PH - Passivhaus
A building methodology to minimise the heating consumption of buildings (domestic and non-domestic), as developed by Dr. Feist from Germany. It optimises the building physics by incorporating high levels of insulation and air tightness, as well as MVHR. The basis is a planning tool called PHPP (Passivhaus Planning Package), which accurately predicts the heat energy consumption of a building.
PHPP - Passivhaus Planning Package
Very accurate but also quite time consuming energy assessment. Used to certify passive houses.
Pollen filter (F7)
A finer grade of filtration than the standard G4 dust filters. It is recommended to be used for the intake of MVHR systems to prevent finer dust to enter the ducting system and dwelling.
A post heater is used in some MVHR systems to provide or supplement space heating through the air handling system.
There are warm water based or electrically operated post heaters.
PTC heating element (Positive Temperature Co-efficient)
A self-limiting heating element with high power density, used for quality defrost pre-heaters or electrical post heaters.
q50 (air tightness)
The UK standard for measuring the air permeability of buildings is in relation to the surface area of the building (in contrast to n50). It is expressed in m3/(hr m2) at 50 Pa.
In the UK only a pressurisation test is needed.
rh - Relative Humidity
The relative humidity of air depends on its moisture content (absolute humidity) and air temperature.
Ideally internal humidity levels should be between 40 and 60% rh at 20 deg. C. For limited times the levels can range between 30 and 70 % rh.
Regular humidity levels above 70% rh can promote mould growth.
SAP - Standard Assessment Procedure
for new homes. Independed of location (using a ”standard location”) and including lights, heating and hot water but not cooking and appliances. Rating scale is from 1 to 100+ with the higher the number the lower the ful running costs. 100 corresponds to zero running costs, so the rating can be over 100 if surplus energy is exported. SAP rating provides the basis for the ECPs, which place the rating on an A-G scale (similat to what you would find on white goods).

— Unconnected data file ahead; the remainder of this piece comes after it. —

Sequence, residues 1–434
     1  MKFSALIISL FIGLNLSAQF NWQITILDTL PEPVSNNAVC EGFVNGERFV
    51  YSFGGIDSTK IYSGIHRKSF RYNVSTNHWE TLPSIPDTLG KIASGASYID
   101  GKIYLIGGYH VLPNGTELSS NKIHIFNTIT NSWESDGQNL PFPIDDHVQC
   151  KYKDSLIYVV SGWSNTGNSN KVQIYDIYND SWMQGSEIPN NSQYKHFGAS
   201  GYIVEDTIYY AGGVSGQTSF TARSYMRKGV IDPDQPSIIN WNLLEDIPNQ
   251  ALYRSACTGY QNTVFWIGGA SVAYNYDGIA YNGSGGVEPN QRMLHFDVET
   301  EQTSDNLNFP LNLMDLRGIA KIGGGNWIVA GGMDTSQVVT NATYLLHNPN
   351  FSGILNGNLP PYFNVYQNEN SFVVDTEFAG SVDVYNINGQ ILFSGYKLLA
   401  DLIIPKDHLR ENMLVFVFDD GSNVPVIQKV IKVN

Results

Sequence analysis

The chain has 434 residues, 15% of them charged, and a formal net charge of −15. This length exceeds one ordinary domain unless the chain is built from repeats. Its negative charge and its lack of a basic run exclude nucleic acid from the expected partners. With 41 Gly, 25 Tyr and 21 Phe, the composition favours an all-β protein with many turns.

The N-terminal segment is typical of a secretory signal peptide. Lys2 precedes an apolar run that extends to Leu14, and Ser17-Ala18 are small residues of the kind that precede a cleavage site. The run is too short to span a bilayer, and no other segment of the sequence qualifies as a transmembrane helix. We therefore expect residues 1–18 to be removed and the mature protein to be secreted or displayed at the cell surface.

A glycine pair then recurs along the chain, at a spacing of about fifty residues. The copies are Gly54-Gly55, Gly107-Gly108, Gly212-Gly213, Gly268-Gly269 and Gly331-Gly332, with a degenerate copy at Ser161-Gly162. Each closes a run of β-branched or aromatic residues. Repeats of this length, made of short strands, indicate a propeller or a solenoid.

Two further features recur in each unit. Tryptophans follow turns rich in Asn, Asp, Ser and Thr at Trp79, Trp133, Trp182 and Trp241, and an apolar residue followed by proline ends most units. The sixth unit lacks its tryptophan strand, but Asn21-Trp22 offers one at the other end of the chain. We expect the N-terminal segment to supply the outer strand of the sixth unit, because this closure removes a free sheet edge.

SAP energy use predictions for dwellings are to be seen with a pinch of salt as they can vary from the real performance by up to 40%.
Form of automated operation of a MVHR system with the help of CO2 and/ or humidity sensors. In contrast to time control.
See also demand controlled ventilation.
SBS - Sick Building Syndrom
It is a medical condition where people in a building suffer from symptoms of illness or feel unwell for no apparent reason. Symptoms can be headaches, eye, nose, and throat irritation, fatigue, and dizziness and nausea. These symptoms appear to be linked to time spent in a building, though no specific illness or cause can be identified.
A 1984 World Health Organization (WHO) report suggested up to 30% of new and remodeled buildings worldwide may be subject of complaints related to poor indoor air quality. (Source: Wikipedia)
Solar gains is heat energy that is introduced into a building by sunshine, mainly through windows. Depending on the size and orientation of windows solar gains can be very powerful. Typically 1kW of heat can be gained through one normal sized window with full sun exposure.
Modern dwellings with large glazing and light weight building structures (timber frame) with hardly any thermal mass suffer especially from overheating through solar gains.
See overheating prevention.
The summer bypass helps through passive cooling to a certain degree against overheating. It is typically an automatically operated flap that opens when the internal temperatures (measured with the extract air) rise above a certain threshold. This threshold can be adjusted according to the needs of the occupants.